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Friday, December 7, 2012

Of Oak and Dragons


Our final crit of the week comes from Huntress' Urban Fantasy, Of Oak and Dragons. She wants to know if this first page draws the reader into turning the page. Is it confusing or does the change in tense work? 



     When I found the skull, (for some reason I want you to write it this way: Id didn't tell anyone when I found the skull.) I didn’t tell anyone. Not because I was scared or shocked. I was six after all and stuff like that only fueled my imagination.
     My dad thought I hadn’t seen it. (seen or found?) He’d have been sick with fear if he’d known. But coming face to face with a skull – so to speak - wasn’t the problem.
     It was after that day. The dreams. Of being the hunted and worse.
     The screaming.
     Not counting the original owner, only my dad knew about the skull.
     But he died soon after and couldn’t help me.


     (I assume that this is many years after the finding of the skull. If so I think I want to know how long after. Like maybe say: Fifteen years later it isn't my face reflected in the pool...) It isn’t my face reflected in the pool of rainwater or my boots walking through the dry leaves. The hands that caress the iron weapons and trace the molded grips are long-fingered. Callused, not soft like my hands.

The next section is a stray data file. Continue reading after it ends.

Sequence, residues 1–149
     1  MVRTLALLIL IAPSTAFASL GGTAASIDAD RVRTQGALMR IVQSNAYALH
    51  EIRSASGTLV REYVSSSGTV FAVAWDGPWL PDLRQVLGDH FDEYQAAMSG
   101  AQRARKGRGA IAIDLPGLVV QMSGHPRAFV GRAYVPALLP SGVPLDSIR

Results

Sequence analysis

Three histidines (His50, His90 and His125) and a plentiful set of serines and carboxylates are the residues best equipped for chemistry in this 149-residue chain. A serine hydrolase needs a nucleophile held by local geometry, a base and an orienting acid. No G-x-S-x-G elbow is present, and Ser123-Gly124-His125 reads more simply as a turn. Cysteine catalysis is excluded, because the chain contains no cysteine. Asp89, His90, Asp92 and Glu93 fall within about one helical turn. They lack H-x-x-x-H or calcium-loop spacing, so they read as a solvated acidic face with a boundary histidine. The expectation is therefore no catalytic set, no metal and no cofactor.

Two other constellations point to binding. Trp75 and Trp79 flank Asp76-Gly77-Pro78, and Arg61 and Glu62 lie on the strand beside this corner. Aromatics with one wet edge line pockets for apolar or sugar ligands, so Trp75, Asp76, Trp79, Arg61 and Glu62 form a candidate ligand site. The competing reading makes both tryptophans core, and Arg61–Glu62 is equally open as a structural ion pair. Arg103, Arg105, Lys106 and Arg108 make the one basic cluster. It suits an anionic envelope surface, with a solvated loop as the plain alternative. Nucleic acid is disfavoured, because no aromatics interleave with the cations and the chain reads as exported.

Movement from my left makes my belly flutter. They are hunting me.
     They are here.
     The emotions are the same, of desperation and regret. Of defeat and unmet purpose. And my screams when utter failure is all I can expect… I wonder if italicizing might help make it clear that this is a dream...or is it a memory?
     …and waking in my bed.
     With a groan, I fought my way out of the twisted, damp sheets.
     Once again, the dreams had returned crushing my hope that I had seen the last of them. An irritation now that I was in college and on my own. (I hope he(?) has his own place...just sayin' )When I was a kid, sleepovers were nonexistent. One scream-fest was all it took to seal my fate with school friends. Looks of ‘there goes a crazy person’ followed me until I graduated from high school. Saluting them with a mental middle finger helped me to cope.

I think this IS an intriguing first page. It's also got voice and the two combined would make me read on. And I saw the reference to college in the last paragraph but I still want it noted when we are once we move into the future. I like clear transitions. But that's just me so I do hope everyone will chime in and offer their opinion as well.

 

8 comments:

Huntress said...

I was cleaning the kitchen counter when BAM! the thought hit me. *Italicize*

Funny how the mind works, huh? Thanks Marcy.

Charity Bradford said...

Oh, Huntress! You have the same problem I did with my novel. The first section is like a prologue (and we know how agents hate that!), but it's super short so it might be worth setting it apart as a prologue. Or at least on a page of it's own even if you don't label it.